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Baltic beauty Latvia, along with neighbouring lovelies Estonia and Lithuania, must be one of northern Europe’s most enchanting and yet underrated destinations. While most visitors make a beeline for its breathtaking capital, Rīga, which boasts an alluring combination of medieval atmosphere, art nouveau elegance and contemporary big city buzz, the rest of the country is bewilderingly overlooked by most foreign visitors.
This means that for the most part, aside from destinations popular with Baltic, Scandinavian and Russian tourists, such as the gorgeous seaside resort towns of Jūrmala and Liepāja, and the majestic Rundāle Palace, Latvia’s Palace of Versaille, the rest of the country remains unspoiled by mass tourism. Even forest reserves such as Gauja National Park in Eastern Latvia, which would be teeming with tourists elsewhere, are blissfully peaceful.
This is all the more surprising (especially for travellers who have already discovered Latvia’s charms) when one realises how very easy the country is to explore. Aside from its natural attributes, one of Latvia’s biggest appeals is its diminutive size and accessibility, along with its slow pace of life, pristine environment, crystalline water and fresh air. This is a country easily experienced in a couple of weeks and during that time your trip might take in seven UNESCO World Heritage Sites, crumbling castles, medieval villages, elegant seaside spa resorts, idyllic countryside dotted with timber farmhouses, fragrant pine forests and seemingly endless sandy beaches backed by soaring sand dunes, there are 500 kilometres of them in fact on the Baltic Sea coast alone.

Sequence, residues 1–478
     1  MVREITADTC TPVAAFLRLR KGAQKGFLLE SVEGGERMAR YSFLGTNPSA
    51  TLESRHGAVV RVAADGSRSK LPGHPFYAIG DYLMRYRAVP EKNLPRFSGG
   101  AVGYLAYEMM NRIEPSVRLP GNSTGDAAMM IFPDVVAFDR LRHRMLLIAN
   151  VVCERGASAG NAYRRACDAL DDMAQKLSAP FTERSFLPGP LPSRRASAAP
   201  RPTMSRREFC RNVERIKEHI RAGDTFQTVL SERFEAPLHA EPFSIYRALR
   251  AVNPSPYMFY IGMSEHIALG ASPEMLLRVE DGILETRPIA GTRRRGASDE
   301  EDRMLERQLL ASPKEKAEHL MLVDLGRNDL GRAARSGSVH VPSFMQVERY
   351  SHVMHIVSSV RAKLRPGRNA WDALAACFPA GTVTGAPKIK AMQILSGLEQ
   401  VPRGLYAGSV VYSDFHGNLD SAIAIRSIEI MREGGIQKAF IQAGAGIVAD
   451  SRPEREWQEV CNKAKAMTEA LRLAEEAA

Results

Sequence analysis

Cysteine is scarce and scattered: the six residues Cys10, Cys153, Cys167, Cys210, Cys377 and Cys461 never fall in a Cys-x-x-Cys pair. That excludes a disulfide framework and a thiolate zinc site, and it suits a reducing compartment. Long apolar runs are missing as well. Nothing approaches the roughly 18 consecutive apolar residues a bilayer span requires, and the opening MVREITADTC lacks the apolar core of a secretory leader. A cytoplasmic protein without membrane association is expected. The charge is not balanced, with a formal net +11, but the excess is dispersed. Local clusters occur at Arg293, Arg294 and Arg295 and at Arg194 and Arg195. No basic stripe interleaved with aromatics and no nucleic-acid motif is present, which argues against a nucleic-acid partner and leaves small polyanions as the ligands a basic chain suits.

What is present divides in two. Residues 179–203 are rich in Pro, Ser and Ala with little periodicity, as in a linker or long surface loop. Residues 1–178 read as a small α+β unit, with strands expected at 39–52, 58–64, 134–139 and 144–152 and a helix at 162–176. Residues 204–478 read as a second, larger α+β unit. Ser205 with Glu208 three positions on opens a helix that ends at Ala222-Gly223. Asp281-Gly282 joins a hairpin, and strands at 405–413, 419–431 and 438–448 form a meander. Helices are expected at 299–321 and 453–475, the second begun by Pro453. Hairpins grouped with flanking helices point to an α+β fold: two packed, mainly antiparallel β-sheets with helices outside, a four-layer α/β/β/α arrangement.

Summer is the time to visit – when the sun can rise as early as 4am and doesn’t sink until around midnight. Winters are long and dark by contrast, motivating Latvians to get outdoors as much as possible in the warmer months. They hardly need an excuse, but added incentives are the music concerts and festivals held throughout summer in almost every city and town across the country.
Long lunches, weekend brunches and after-work drinks see Latvians filling the pavement tables at alfresco cafés while pop-up beer gardens sprout from almost every public square and pedestrian street. After dark, Latvians hit the dance clubs and DJ events, and it’s partly the nightlife that has given the country and Rīga in particular, as well as the Baltic Sea resorts, a reputation as something of a summer party destination.
Places of interest in Latvia
UNESCO World Heritage listed Rīga, the Baltic’s largest city, oozes history and culture from every cobblestone....
Known as the ‘Switzerland of Latvia’, the Gauja Valley, 50 kilometres east of Rīga, is distinguished more by its...
Activities in Latvia
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